Latín América has vast oil reserves, but one thing could threaten production: socialism

Latín América has vast oil reserves, but one thing could threaten production: socialism


At a time when countries, especially those in the European Union, are scrambling to find affordable energy sources to offset the loss of Russian natural gas and oil, the leftward shift of several Latín American countries will probably reduce the available supply of fossil fuels, exacerbating world shortages.

By AOL – Wayne Stoltenberg and Merrill Matthews

Dec 27, 2022

And that shift will put more pressure on the United States to remain the world’s leading oil and gas producer and export even more of both.

In 2021, the U.S. Energy Information Administration reported that Central and South América produced 7.3 million barrels of crude oil per day. That’s about 9 percent of global production.

It could have been much more. And, in fact, it was – before a few leftist governments came to power in Latin América. But it may also mark a high point, as even more Latin American countries are turning left.

From the mid-1990s to the early 2000s, Venezuela and México were Latin América’s leading oil producers, about 3.5 million barrels per day each. Both counties have national oil companies and have suffered from inefficiency and underinvestment.

But Venezuela’s production has declined 82% from its peak, while México’s has declined 37 %. And it’s not because either country is running out of crude oil. Venezuela is the world’s leader in proven oil reserves with 298 billion barrels. México is 18th with 9.8 billion – not a lot, but enough to keep producing at higher levels for years to come.

What happened? Socialism.

In 1999, Hugo Chávez became president of Venezuela, promising a “Bolivarian Revolution” that emphasized nationalism, a centralized economy, and redistribution of wealth. Two decades later, only poverty and hunger have been widely redistributed.

The Venezuelan economy is largely based on oil. And at one time, it significantly relied on private sector companies to help extract, transport and refine that oil.

In 2002, Chávez began re-nationalizing the country’s oil and gas industry, expropriating assets of foreign companies and precipitating an exodus of both capital and expertise. As a result, oil and gas production began to level off or decline. Chávez successor Nicolás Maduro went even further, precipitating a mass private sector exodus.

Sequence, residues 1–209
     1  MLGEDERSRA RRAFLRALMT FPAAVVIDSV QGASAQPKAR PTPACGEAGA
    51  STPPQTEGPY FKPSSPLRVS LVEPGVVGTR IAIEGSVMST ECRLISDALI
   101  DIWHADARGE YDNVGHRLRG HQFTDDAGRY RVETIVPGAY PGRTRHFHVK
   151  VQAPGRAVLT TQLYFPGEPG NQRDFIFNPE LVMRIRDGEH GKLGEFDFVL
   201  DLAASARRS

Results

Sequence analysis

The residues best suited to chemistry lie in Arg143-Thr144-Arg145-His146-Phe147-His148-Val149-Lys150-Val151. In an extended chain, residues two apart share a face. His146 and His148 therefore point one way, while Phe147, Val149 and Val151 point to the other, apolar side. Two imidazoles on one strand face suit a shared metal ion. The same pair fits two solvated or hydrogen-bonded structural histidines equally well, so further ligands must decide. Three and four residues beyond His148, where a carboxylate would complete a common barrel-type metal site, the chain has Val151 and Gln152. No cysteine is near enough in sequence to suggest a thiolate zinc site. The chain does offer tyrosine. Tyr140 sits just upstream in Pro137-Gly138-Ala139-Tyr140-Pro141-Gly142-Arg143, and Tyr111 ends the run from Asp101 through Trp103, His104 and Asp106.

With little maintenance capital to deploy and limited remaining knowledgeable human capital to deploy it, the country with the largest proven oil reserves struggles to produce half a million barrels today, about one-seventh of its peak production.

Fortunately, México hasn’t followed in Venezuela’s footsteps — yet. That may be changing.

México removed barriers to attract foreign investment in its energy sector under Presidents Vicente Fox, Felipe Calderon and Enrique Peña Nieto, but any gains are fading under leftist President Andrés Manuel López Obrador.

Lopez Obrador says he wants to see “the people benefit from the nation’s oil resources.” History shows us that when “the people” own something, the government class tends to disproportionally benefit.

Brazil has clearly taken a different path. Brazil’s proven oil reserves stand at 15.3 billion barrels, yet its current oil production far surpasses Venezuela and México. Why? Foreign investment.

While Brazil has a national oil company, Petrobras, many leading international oil companies – including Shell, Exxon, BP and Chevron – may partner with Petrobras.

The superiority of Brazil’s traditional, pro-market energy investment climate, where there was little to fear from expropriation or non-payment, has been the key.

However, that history of a workable public-private partnership may change with the re-election of leftist Luiz Inácio Lula da Silva to the presidency. Will he embrace the longstanding public-private partnership in energy production or follow other leftist Latin American governments in restructuring or scaling back those partnerships?

After Venezuela, México and Brazil come Columbia and Argentina. Neither has been a major oil producer, but Argentina’s willingness to keep voting for socialists and Columbia’s recent embrace of its first leftist president means the best we can hope for is stable or gradually declining production.

Russia is on the prowl. It would love to fill the oil-production expertise gap created by pushing out private sector companies, and many Latin American countries have been, or will be, willing to do just that.

The leftward turn of many Latin American governments is yet another reason why the Biden administration needs to end its war on U.S.-produced fossil fuels. Otherwise, the energy shortages facing Europe will find their way to the states.

Wayne Stoltenberg is the former executive vice president and chief financial officer of Vine Energy Inc., and chairman of the board of the Institute for Policy Innovation, a free-market think tank in Irving. Merrill Matthews is a resident scholar at the institute.

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